After a harrowing 5-day/900-mile, (1,500 kilometers), drive across the amazing expanses of the northern Gobi Desert, (see previous blog), we arrived at the site of the 16th Annual Golden Eagle Hunters Festival just outside of Bayan-Olgii in Western Mongolia, (You recall, this is the “middle of nowhere”.), and parked to join the growing crowd of spectators. We knew there were a couple of problems with the rear suspension, but nothing that needed our immediate attention. The sun was shining in a futile attempt to warm an icy wind gusting across the field of competition. The temperature was hovering around freezing.
Things were just getting started with the first big contest. Ethnic Kazakh eagle hunters from all over this part of the country had gathered, reportedly some 72 of them. Dressed in their finest attire, they were a fierce bunch indeed. The real stars were the Golden Eagles, huge birds of prey, some weighing over sixteen pounds with wingspans up to 8 feet. In these mountains of the Mongolian Altai, eagle hunting has been a tradition for over 2,000 years.
In turn, each hunter, mounted on a stocky Mongolian horse, would start at the end of the field and call to his eagle, which at that moment, timed by the officials, would have its hood removed and be released by an assistant from a nearby hill. If the eagle was well trained and in tune with the game, she, (yes, females are normally used because they are larger than males), would hear the call of her owner and spot the dead rabbit or Corsac fox pulled behind his horse at a full gallop.
Approaching at speeds up to 150 miles per hour, (241 km/h), the eagle would zero in on the bait, and braking slightly at the last few seconds, hit the target, sharp talons extended, with up to 700 pounds of impact. Normally, in a real hunt, this would kill or at least stun the prey instantly. At this point, the trainer would quickly dismount and retrieve his bird to its perch on his thick leather glove, offering some tasty pieces of mutton or perhaps a rabbit leg. For the eagle, it may be sport. It may be a challenge. For sure, it’s about getting food, so in the mountains where hunting is done in the winter, the trainer must remove the eagle from the dead prey before the pelt is damaged.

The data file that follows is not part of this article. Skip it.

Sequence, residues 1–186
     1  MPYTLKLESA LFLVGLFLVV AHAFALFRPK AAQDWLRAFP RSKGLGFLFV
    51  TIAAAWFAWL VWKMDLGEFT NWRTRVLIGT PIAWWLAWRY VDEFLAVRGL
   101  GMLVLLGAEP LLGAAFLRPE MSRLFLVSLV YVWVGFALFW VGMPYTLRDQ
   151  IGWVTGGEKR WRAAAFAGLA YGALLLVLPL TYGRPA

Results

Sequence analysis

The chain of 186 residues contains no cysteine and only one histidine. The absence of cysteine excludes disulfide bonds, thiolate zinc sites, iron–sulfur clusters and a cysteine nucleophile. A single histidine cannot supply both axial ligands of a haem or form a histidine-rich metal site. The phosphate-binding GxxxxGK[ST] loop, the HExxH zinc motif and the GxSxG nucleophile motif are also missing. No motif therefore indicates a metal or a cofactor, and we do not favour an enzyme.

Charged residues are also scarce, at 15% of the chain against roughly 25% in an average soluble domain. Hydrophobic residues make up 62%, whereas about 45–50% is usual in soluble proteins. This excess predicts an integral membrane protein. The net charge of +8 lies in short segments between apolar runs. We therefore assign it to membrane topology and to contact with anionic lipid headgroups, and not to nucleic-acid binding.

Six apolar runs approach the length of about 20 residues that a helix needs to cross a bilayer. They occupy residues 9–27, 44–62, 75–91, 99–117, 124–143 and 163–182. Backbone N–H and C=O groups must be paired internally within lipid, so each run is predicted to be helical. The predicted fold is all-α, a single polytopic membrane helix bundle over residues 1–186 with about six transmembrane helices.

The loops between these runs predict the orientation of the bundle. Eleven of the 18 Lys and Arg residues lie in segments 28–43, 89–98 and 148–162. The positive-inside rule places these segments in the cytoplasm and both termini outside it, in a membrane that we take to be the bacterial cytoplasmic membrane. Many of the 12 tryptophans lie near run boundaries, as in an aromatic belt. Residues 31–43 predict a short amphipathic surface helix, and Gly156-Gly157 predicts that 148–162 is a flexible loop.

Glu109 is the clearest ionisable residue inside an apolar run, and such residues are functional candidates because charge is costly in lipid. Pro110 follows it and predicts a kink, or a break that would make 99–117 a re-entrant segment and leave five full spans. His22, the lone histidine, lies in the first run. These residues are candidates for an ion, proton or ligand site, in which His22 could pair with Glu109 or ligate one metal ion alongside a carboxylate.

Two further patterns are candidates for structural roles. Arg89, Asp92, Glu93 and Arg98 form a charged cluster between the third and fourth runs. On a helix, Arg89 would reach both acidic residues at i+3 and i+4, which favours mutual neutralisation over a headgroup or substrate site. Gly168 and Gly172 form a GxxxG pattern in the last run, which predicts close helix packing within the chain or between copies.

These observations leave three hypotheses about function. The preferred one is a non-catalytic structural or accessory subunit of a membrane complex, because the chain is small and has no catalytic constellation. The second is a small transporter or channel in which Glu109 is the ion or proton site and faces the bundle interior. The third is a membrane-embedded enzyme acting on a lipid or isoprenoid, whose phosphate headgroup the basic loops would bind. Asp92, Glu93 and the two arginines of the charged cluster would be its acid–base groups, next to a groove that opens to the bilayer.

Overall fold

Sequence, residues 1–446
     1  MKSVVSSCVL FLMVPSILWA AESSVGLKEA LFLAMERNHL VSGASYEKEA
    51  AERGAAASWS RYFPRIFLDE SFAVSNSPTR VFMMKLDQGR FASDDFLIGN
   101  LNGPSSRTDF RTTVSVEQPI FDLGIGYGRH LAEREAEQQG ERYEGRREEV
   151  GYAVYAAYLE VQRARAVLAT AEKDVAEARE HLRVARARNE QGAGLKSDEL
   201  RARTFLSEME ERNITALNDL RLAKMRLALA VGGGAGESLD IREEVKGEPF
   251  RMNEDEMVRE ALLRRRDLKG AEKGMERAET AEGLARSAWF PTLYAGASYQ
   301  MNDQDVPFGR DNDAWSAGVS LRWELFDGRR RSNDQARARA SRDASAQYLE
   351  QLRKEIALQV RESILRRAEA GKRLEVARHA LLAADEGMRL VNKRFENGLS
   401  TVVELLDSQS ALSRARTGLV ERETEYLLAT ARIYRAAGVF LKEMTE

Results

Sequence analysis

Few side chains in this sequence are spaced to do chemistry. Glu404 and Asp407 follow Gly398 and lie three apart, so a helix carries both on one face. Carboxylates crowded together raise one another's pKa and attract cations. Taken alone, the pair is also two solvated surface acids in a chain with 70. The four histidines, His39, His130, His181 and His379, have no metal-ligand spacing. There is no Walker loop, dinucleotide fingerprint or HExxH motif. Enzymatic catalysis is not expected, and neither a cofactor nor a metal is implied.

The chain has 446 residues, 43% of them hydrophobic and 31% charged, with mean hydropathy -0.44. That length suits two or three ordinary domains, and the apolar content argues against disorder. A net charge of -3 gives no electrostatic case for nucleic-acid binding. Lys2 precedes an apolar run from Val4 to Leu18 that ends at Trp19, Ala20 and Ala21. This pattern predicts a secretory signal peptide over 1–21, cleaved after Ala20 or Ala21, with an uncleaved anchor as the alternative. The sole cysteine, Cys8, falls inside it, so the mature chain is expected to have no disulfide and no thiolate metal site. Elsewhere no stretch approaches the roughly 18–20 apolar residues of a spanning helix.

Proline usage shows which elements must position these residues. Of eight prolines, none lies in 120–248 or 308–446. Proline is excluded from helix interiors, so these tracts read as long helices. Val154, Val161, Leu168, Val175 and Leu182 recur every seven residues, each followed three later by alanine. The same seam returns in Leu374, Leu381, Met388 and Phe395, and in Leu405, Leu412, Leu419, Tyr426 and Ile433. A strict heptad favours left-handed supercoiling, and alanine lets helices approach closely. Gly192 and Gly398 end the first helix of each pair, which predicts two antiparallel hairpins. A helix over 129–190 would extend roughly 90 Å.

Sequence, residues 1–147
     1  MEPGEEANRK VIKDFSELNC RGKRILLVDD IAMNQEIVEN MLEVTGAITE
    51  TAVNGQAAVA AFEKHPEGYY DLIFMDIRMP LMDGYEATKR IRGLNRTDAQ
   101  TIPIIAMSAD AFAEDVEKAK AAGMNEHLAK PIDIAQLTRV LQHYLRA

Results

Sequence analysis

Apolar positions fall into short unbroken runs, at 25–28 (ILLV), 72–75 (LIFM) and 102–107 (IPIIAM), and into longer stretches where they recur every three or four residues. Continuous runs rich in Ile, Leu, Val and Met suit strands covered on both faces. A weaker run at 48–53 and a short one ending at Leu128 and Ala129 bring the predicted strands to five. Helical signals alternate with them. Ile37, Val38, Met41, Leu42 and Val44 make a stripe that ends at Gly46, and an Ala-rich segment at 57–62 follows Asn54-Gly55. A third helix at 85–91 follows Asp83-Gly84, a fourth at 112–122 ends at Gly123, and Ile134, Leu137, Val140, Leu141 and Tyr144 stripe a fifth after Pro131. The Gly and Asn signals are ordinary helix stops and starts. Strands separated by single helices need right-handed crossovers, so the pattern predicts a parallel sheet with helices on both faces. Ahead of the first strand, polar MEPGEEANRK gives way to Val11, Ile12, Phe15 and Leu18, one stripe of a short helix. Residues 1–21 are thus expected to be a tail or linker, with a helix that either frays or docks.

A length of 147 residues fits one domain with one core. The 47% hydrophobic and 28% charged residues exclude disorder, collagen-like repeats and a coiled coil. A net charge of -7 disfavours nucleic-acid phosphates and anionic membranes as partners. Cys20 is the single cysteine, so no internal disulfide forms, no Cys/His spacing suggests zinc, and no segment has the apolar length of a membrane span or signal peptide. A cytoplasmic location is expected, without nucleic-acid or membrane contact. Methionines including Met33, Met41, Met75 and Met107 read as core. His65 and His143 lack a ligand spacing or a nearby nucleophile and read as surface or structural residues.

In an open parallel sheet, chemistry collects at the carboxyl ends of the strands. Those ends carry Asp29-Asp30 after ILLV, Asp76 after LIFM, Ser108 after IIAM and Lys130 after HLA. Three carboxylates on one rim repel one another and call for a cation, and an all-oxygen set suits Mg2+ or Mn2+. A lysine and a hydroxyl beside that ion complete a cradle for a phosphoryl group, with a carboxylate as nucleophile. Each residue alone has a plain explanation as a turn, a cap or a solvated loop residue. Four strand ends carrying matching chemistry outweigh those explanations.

If you look at the series of photos below, you may get an idea of the action which took mere seconds to photograph at a “high-speed continuous” setting. It was a very impressive demonstration of speed and power.
Each eagle contestant was timed from her release to final impact on the target. A fast kill could be 14 seconds from start to finish. In some cases, the eagle would circle for a few minutes, just enjoying the freedom of flight. In one case, spotting the dead rabbit drug behind her trainer’s horse, as the eagle came in for the kill, her attention strayed to a small dog in the crowd of spectators and, looking for something more filling, suddenly veered off and hit the poor dog. The trainer quickly rescued it, but we don’t know if the dog survived. The eagle was just doing what her instincts told her to do……get food.
Exhausted from our drive, we retired to the warmth of The Turtle V to take a shower and cook dinner. A nasty wind whistled outside. As we had many times on this trip, we were very glad to be in a warm hard-sided camper with the luxury of hot water and the convenience of our Thetford Porta Potti. The Espar Airtronic air heater purred away at its “maintenance” mode and our Espar D5 Hydronic, working with the FlatPlate fluid heat exchanger, gave us all the hot water we could use.
After a shot of Genghis Khan vodka, we slept soundly, glad to be off the road and looking forward to the next day’s competition.
Note: Click a photo for a bigger picture and then scroll quickly through the hunting scene to get a feeling for what transpires in just a few seconds!